The partitioning position of a character image is obtained at step S603. According to this processing step, lines 605, 606, 607, 608 are drawn at a position located at half the height of the character rectangle. The mid-points indicated by "x" in FIG. 24C! on these lines of portions at which white pixels are continuous are regarded as being partitioning points. Next, it is examined at step S604 whether a partitioning point obtained at step S603 exists in the character rectangles (601, 602, 603, 604). If it is determined that a partitioning point exists, then second segmentation processing is executed at step S605. In case of the example shown in FIG. 24C, partitioning points indicated by "x" in FIG. 24C! exist in character rectangles 601 and 602, and therefore second segmentation processing is executed with regard to these two rectangles.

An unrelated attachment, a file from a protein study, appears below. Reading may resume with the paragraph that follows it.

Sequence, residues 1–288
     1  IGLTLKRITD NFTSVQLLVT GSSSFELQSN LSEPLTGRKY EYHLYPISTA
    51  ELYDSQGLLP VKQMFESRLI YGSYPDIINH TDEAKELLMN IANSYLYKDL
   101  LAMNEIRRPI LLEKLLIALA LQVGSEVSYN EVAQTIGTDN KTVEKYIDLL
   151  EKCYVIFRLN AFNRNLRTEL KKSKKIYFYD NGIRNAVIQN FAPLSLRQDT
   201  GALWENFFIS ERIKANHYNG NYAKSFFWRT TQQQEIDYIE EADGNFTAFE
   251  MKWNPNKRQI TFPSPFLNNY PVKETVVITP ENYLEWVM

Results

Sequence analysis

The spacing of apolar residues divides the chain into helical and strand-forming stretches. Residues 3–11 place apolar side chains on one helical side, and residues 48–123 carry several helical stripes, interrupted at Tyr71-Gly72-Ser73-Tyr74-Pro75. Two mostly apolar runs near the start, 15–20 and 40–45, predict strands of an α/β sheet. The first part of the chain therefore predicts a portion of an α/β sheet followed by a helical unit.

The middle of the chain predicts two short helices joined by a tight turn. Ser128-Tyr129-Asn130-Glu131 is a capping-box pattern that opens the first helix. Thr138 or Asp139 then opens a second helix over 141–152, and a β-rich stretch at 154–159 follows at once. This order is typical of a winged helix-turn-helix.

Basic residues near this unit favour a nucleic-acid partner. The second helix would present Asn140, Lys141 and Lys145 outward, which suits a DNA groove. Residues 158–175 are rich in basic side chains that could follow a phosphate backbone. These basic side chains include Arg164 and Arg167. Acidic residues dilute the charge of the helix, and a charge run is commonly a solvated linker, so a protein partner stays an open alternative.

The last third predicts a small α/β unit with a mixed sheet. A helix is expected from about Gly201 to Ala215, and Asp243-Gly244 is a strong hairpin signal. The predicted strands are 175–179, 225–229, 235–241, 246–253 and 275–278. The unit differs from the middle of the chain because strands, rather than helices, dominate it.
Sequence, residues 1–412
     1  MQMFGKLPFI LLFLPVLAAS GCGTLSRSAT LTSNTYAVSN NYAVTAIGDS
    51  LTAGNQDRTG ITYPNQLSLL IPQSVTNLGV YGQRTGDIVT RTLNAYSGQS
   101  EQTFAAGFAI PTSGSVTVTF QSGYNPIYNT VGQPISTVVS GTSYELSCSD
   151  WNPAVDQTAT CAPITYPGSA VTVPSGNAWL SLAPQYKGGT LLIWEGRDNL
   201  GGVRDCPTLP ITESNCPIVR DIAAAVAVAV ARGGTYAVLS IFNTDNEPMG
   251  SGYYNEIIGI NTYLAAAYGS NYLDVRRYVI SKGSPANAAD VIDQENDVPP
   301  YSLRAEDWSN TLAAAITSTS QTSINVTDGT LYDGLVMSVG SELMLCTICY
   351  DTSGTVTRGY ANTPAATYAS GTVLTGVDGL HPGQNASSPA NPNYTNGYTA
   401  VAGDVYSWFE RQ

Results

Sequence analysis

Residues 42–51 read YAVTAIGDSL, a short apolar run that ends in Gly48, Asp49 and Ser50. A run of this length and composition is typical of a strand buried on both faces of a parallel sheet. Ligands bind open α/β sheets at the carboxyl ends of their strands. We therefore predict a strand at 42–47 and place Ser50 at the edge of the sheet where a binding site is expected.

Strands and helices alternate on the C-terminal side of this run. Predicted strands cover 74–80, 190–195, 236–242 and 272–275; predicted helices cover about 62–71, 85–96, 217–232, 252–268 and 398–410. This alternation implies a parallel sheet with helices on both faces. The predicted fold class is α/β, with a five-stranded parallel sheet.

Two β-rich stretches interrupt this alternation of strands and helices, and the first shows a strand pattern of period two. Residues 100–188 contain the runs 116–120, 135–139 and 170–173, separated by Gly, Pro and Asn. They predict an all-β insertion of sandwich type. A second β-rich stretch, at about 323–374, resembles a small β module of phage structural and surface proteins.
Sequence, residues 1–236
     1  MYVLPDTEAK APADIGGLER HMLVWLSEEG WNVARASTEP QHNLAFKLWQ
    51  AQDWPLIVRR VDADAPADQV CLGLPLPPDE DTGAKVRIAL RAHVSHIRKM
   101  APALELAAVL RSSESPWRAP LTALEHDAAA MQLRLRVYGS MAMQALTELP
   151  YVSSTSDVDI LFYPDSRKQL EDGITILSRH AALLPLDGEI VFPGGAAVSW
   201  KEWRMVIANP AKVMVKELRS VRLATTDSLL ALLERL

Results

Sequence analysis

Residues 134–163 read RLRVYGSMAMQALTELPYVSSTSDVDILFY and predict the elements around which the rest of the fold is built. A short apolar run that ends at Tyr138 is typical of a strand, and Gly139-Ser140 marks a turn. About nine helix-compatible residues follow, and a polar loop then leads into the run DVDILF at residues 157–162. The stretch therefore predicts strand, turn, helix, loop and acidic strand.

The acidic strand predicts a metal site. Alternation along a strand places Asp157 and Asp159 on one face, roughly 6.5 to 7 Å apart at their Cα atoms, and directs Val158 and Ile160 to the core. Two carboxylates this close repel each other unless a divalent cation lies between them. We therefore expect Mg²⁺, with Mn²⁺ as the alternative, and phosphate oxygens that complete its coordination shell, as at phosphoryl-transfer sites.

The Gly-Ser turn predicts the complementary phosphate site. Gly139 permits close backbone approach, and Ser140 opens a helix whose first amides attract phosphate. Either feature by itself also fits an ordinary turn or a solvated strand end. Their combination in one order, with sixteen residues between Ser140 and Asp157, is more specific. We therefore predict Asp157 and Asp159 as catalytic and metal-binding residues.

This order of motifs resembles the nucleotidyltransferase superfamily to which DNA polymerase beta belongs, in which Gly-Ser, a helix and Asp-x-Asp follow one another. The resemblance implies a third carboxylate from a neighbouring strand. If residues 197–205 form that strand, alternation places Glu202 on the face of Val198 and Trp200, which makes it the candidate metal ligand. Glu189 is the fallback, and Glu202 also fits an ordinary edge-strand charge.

The details of second segmentation processing will be described with reference to the flowcharts shown in FIGS. 25 and 26. In this processing, the rectangles are partitioned further by performing tracing up and down from the partitioning positions obtained at step S603. The processing shown in FIGS. 25A and 25B illustrates second segmentation processing for performing upward tracing from partitioning points, and the processing shown in FIGS. 26A and 26B illustrates second segmentation processing for performing downward tracing from partitioning points. In the description that follows, a coordinate system is set in which the horizontal and vertical directions of the rectangles are taken along the X and Y axes. Let PS represent a partitioning position in each rectangle.